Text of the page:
The Massachusetts Medical Society steadfastly opposed the state ballot question passed last fall legalizing marijuana for medical use. One major reason: Not enough research has been conducted to prove the drug’s value to patients.
Dr. Richard Aghababian, the group’s president, sent a letter in October urging the U.S. Drug Enforcement Administration to reclassify marijuana, removing it from the Schedule I list, so it would be easier for researchers to study. The agency responded recently, saying its status among the most tightly controlled illegal drugs “does not preclude scientific research from being conducted using marijuana and its components,” as long as the research receives proper approvals.
“Given this information, it’s time for medical and scientific communities to develop large-scale clinical trials to determine whether marijuana is safe and effective as a medical intervention,” Aghababian wrote Friday on the society’s website. “Such research should identify all the treatment protocols that would apply to a standard pharmaceutical therapy, including indications, contraindications, dosages, length of therapy, side effects, and more.”
But the people trying to do exactly that work say the Schedule I classification does get in their way.
Aghababian cites the work of a California research center led by Dr. Igor Grant. With state funding and access to the only federally-sanctioned supply of marijuana, that center has conducted a series of small studies have found that marijuana relieved pain in patients with HIV or other conditions and eased muscle stiffness in people with multiple sclerosis.
But much larger trials are necessary. Grant and colleagues wrote last year in the Open Neurology Journal that the “conflict between scientific evidence and political ideology” on this topic is a hindrance:
The classification of marijuana as a Schedule I drug as well as the continuing controversy as to whether or not cannabis is of medical value are obstacles to medical progress in this area. Based on evidence currently available the Schedule I classification is not tenable; it is not accurate that cannabis has no medical value, or that information on safety is lacking. It is true cannabis has some abuse potential, but its profile more closely resembles drugs in Schedule III (where codeine and dronabinol are listed).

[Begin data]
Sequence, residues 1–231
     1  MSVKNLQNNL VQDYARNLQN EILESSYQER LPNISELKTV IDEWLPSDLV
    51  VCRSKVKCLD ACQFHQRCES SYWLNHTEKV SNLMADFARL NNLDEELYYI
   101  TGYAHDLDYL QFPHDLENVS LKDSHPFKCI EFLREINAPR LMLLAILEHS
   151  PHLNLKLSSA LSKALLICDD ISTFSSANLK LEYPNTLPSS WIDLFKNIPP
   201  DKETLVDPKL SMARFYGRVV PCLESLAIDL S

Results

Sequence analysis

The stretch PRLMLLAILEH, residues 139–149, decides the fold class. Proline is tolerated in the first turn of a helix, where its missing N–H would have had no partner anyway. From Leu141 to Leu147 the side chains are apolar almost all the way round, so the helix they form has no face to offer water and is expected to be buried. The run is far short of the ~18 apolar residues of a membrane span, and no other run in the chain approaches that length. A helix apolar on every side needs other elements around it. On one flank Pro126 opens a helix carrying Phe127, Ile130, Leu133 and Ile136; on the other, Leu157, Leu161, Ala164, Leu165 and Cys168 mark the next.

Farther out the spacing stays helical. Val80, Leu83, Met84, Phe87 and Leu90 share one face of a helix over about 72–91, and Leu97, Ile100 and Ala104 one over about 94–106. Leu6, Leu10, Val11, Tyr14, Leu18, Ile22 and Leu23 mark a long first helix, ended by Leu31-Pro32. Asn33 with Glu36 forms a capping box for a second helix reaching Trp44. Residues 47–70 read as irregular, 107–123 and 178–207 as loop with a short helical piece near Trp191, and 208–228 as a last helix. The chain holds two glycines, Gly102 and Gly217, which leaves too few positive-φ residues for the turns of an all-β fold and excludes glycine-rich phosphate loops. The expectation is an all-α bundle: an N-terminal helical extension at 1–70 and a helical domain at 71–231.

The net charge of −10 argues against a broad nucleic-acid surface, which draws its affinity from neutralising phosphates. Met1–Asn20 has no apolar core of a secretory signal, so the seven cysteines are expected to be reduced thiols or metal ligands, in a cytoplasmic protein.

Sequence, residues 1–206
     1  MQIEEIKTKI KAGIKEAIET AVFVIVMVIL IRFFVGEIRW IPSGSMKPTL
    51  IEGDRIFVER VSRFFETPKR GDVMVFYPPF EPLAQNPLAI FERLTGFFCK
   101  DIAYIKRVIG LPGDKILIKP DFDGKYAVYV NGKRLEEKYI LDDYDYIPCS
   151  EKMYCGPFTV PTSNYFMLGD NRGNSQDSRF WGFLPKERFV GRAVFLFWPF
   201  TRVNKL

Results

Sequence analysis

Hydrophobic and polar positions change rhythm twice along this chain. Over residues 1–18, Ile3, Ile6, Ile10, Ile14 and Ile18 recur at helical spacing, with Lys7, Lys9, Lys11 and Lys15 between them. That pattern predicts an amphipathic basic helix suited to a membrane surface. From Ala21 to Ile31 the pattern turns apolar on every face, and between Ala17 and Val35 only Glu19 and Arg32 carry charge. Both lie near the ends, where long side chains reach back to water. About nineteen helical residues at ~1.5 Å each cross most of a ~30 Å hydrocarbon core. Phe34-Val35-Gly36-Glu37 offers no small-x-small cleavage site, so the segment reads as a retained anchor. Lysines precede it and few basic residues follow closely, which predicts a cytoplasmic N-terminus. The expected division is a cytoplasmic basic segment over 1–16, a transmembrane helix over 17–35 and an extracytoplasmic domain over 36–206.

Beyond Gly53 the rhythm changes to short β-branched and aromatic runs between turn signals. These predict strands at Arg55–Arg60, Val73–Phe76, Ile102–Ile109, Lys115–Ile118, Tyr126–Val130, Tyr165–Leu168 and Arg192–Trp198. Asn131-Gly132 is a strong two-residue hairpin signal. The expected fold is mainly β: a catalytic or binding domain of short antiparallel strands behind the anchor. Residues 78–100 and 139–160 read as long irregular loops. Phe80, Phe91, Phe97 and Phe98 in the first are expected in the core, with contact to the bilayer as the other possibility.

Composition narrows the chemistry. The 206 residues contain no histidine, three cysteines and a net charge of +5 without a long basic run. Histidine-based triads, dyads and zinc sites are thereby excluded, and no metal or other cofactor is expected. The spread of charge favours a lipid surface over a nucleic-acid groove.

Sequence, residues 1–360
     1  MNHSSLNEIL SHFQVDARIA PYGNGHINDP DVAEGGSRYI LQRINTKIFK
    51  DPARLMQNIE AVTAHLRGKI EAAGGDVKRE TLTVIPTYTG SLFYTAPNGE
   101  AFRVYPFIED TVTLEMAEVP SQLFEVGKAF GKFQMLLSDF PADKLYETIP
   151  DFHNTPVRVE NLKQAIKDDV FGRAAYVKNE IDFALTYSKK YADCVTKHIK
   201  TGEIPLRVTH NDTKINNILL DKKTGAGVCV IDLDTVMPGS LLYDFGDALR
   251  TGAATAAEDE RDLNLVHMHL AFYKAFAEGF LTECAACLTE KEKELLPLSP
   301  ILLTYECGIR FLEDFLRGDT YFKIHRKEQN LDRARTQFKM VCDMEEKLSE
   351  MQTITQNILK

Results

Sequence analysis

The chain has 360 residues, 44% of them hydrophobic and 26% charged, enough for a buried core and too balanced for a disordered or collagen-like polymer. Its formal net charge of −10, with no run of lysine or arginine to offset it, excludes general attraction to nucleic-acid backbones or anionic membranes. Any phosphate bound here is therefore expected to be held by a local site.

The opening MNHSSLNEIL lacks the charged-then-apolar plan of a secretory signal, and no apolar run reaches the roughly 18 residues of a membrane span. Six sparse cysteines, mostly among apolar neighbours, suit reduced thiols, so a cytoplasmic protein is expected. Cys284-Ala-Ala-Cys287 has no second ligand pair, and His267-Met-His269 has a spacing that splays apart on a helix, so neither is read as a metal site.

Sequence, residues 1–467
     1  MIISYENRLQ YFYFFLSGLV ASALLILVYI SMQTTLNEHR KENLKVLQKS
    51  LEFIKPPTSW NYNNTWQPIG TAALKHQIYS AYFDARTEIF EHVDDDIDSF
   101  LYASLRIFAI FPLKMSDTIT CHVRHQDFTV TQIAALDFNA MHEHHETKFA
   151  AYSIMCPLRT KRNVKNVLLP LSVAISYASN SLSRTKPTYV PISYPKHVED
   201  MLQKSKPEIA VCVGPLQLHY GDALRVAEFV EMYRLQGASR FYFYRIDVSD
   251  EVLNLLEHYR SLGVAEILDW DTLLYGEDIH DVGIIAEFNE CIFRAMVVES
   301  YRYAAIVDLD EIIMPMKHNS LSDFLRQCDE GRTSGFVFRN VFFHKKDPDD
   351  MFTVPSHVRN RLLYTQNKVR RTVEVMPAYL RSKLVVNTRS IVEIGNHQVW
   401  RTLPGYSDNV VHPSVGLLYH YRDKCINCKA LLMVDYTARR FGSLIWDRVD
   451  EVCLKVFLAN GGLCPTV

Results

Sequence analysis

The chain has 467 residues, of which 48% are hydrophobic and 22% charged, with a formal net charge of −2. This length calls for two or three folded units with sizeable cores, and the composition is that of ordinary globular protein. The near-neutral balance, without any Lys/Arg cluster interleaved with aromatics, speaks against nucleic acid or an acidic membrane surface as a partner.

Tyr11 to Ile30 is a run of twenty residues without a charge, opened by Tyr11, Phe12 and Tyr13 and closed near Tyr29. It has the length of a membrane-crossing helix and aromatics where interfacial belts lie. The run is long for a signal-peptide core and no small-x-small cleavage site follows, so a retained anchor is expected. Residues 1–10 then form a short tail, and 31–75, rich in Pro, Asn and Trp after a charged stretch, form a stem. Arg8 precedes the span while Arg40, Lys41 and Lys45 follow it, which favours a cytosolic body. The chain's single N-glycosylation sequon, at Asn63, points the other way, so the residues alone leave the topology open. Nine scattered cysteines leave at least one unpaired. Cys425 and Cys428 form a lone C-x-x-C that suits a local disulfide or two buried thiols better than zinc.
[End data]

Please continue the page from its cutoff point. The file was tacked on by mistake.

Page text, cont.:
Grant told me last fall that state funding for his center’s work had dried up. Others with private funding for marijuana research have not been able to secure access to the federal supply of the drug.
A proposal by the Multidisciplinary Association for Psychedelic Studies , led by Rick Doblin of Belmont, to research the effects of marijuana in veterans with post-traumatic stress disorder was rejected once by federal reviewers who said the study as proposed was not scientifically sound. The group is trying again.
Doblin said in an e-mail Friday that the medical society had missed the point. The real obstacle to research is not necessarily marijuana’s Schedule I classification but the restricted access—he called it a monopoly by the National Institute on Drug Abuse—to the federal drug supply.
His group has been working for 12 years with a University of Massachusetts professor to try to establish another facility in which to grow marijuana in the controlled setting that research requires. The DEA denied the professor’s application for a facility license in 2009, a decision he is appealing in federal court.
I asked Rick Gulla, spokesman for the state medical society for clarification on whether the group would follow-up on the DEA’s response.
“The letter satisfies our concern,” Gulla said. “We still must recognize that marijuana has a potential for abuse and is prohibited under federal law.”